It is important if your item will be used as a key in a dictionary, or HashSet, etc – since this is used to group items into buckets (in the absence of a custom IEqualityComparer). If the hash-code for two items does not match, they may never be considered equal and Equals() will never be called.
The GetHashCode() method should reflect the Equals logic; the rules are:
- if two things are equal (Equals(…) == true) then they must return the same value for GetHashCode()
- if the GetHashCode() is equal, it is not necessary for them to be the same; this is a collision, and Equals will be called to see if it is a real equality or not.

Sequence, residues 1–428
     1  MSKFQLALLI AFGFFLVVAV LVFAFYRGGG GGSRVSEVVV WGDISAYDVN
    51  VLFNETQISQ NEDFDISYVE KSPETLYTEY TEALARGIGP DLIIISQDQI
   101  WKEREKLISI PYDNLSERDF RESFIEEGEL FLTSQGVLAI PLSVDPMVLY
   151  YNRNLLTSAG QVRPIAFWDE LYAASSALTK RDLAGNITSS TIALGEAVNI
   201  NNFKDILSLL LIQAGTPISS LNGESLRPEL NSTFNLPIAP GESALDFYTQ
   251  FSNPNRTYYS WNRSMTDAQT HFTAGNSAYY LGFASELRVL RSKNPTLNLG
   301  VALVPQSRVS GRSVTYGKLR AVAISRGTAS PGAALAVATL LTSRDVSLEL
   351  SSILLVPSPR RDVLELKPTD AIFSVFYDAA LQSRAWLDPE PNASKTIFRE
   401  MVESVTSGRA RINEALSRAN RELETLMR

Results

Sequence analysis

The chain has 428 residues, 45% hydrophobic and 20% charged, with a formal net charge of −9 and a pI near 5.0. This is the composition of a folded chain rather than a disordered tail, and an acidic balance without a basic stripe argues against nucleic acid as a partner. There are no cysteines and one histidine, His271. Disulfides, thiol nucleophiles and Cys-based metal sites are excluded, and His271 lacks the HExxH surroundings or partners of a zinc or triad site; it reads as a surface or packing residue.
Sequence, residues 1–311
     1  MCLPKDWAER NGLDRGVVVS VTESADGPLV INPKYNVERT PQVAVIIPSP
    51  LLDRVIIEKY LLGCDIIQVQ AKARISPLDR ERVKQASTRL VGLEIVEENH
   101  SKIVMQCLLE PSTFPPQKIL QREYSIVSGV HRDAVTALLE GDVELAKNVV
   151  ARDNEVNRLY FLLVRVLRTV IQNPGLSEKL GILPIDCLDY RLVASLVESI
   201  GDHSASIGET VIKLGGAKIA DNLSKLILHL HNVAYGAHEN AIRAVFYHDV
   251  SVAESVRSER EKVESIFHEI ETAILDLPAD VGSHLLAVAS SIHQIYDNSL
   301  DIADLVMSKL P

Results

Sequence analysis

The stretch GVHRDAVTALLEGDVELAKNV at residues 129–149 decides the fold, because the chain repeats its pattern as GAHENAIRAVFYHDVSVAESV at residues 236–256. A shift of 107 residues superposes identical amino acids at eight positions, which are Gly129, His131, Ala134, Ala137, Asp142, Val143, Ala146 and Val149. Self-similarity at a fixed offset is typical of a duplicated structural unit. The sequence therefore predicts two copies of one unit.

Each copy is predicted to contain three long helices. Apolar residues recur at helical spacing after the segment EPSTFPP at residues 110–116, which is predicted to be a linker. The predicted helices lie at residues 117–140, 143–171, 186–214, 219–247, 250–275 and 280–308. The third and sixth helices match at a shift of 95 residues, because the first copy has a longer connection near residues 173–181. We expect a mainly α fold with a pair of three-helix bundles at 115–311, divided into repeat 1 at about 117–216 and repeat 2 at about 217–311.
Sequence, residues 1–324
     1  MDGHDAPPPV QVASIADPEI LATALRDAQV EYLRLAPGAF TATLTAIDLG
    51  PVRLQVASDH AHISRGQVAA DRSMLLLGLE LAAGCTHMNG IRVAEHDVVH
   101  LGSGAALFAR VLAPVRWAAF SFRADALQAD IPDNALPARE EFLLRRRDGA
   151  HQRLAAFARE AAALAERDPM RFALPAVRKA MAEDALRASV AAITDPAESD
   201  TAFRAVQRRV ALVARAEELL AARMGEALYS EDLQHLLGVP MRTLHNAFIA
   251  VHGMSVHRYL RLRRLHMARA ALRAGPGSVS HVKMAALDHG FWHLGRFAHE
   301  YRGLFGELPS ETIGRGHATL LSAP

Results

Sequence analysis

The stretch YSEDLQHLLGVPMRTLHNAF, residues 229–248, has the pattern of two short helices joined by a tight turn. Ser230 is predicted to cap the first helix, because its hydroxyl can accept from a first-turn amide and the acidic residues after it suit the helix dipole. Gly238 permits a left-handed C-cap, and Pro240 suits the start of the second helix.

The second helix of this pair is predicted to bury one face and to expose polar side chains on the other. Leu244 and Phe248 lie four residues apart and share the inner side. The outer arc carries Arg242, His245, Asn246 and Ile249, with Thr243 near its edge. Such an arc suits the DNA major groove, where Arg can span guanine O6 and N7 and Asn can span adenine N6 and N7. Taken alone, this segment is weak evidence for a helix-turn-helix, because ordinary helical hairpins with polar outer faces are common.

In this case, it looks like “return FooId;” is a suitable GetHashCode() implementation. If you are testing multiple properties, it is common to combine them using code like below, to reduce diagonal collisions (i.e. so that new Foo(3,5) has a different hash-code to new Foo(5,3)):
int hash = 13;
hash = (hash * 7) + field1.GetHashCode();
hash = (hash * 7) + field2.GetHashCode();
Oh – for convenience, you might also consider providing == and != operators when overriding Equals() and GetHashCode().